I’ve been fortunate enough to have a few drummers in my life that just know me and anticipate well, so I would even add that to the ‘drummer question’. A drummer who can anticipate what’s next and not just be so focused on what they’re trying to accomplish, but can really anticipate where people are going.  Great drummer’s do that, I mean, I think of like any kind of jazz drummer, Al Sergel is a great example, he does that really well, Dave Matthews Band, Carter Beauford, he’s that kind of drummer, he’s the leader. Drummers are leaders by their role, by their nature, and have to learn how to anticipate where things are going as well.

When you prepare for a set, are you looking for very specific grooves or fills for a drummer to play or do you think a drummer can have a certain freedom to play what he or she likes?
Yes and no. Both of them actually. Because I’m also an arrange, orchestrator and producer, I write a lot and I have that background, so when I compose a piece, I’m very intentional in what I put in certain places, so there’s that component where I expect: ‘I want you to play this’, but I always tell my drummer: ‘I want you to be you’. This is a good word: you have to learn the rules in order to break the rules. We have to learn the context in order to expend on the context. So yes and no.

What’s the best advice you would give to drummers?
Know Jesus! Follow Him. I would start there. You gotta develop your gift, you gotta practice, but most drummers don’t need to be told that, they do that anyway, because they love it. I think honestly all we do is worship, everything really is worship. Worship really begins when you wake up and it never ends, even when you’re sleeping. To know the Lord, to know Him, and not just to feel like you’re walking with Him, but to know that you’re walking with Him. When you have His confidence, you know nerves are good, I get nervous every time but I depend on that, if I’m not nervous then that’s an issue. I need to be nervous cause if it’s just me going up there doing my thing, than it’s just about me, Andrew, just relying on his own strength. I depend on You God to be able to sing right now cause I’m sick, and for drummers it’s the same thing: learn to depend, because there’s opportunities where you feel like you can do it on your own, and when you start to feel like ‘I’ve got this, I don’t need the help’, that’s when you need to get on your face and get on your knees cause that’s when you need Him the most. Stay in that place of humility and dependence, and really know Jesus, and enjoy Him there, it’s an enjoyable thing. And then the gifts and the talents, that stuff comes.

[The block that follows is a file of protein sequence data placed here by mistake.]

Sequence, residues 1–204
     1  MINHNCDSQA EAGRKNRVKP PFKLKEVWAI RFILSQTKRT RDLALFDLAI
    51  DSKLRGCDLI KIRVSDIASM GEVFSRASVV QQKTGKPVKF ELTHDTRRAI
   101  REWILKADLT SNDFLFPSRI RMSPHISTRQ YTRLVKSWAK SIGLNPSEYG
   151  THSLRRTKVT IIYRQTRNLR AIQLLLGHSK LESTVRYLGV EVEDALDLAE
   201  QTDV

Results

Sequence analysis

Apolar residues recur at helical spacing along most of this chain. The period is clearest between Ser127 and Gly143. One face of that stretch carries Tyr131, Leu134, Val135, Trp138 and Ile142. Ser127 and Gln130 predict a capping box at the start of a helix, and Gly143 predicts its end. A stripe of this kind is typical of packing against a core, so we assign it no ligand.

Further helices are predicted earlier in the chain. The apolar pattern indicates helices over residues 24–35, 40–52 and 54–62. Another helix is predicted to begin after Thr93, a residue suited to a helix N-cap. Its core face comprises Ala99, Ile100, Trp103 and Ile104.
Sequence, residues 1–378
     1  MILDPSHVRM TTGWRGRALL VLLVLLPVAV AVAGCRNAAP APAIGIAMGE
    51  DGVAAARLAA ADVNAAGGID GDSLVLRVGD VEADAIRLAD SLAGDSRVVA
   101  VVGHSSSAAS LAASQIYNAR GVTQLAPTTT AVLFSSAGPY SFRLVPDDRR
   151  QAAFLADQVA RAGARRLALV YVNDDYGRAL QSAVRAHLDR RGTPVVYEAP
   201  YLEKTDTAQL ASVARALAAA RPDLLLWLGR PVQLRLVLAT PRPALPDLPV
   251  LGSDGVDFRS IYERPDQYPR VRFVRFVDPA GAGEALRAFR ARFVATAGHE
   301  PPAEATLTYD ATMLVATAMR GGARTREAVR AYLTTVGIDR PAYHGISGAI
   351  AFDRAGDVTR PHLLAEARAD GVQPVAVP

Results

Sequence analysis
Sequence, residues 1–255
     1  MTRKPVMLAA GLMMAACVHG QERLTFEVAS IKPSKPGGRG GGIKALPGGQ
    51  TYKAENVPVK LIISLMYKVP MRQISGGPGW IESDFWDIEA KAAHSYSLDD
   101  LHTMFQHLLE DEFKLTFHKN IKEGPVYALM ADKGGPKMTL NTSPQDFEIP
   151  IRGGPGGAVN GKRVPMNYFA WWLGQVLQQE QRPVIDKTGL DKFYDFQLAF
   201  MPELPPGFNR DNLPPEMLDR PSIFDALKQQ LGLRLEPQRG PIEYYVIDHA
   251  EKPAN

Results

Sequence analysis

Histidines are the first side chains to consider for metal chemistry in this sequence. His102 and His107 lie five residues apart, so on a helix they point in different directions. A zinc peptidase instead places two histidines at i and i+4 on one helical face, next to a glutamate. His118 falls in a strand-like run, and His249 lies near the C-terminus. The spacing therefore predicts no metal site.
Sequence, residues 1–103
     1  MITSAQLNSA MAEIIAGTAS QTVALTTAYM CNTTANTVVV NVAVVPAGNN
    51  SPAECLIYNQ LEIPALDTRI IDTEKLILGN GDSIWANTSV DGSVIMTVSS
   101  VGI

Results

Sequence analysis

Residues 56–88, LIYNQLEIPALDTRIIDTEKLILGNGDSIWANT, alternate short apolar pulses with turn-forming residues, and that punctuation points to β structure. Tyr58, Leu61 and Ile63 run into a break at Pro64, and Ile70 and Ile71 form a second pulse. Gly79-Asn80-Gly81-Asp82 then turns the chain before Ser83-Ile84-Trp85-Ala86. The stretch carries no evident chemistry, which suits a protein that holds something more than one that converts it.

Don’t Stop Here

More To Explore

Scott Davis on recording Kim Walker’s ‘Wild Heart’

Amazing interview with Scott Davis about his playing on Kim Walker’s album ‘Wild Heart’.
‘There’s a lot of fear and anxiety in our society right now, people are afraid of this virus, they’re afraid they are gonna loose their job or not, what’s gonna happen to them, all these things, and I think some of the lyrics of this record ‘Wild Heart’ really speak to that and how God is good and He’s gonna take of you and that we can trust Him.’

Interview Ben Smith

Ben Smith is a super friendly and positive guy, fantastic drummer who’s played for LZ7, Matt Redman, New Wine Worship, Shackleton and other bands & artists. Ben and I met at OneRock Festival in Germany in 2013, where Ben was playing with LZ7. We connected afterwards and we’ve been staying in touch ever since. As we haven’t seen each other in real-life, we thought it would be a great idea to do an interview via e-mail. Have fun and learn from Ben, as he’s got a lot of great stuff to share!

Interview Robert Sput Searight

‘It’s about helping the younger generation be better than you were.’ Wow, what a powerful statement by Robert Sput Searight, drummer for Snarky Puppy and Ghost-Note! We had a wonderful conservation about growing up with music, his relationship with God, the importance of community and relationships, having mentors, tuning drums, playing with Nate Werth in Snarky Puppy and working with Bishop T.D. Jakes.

Shopping Basket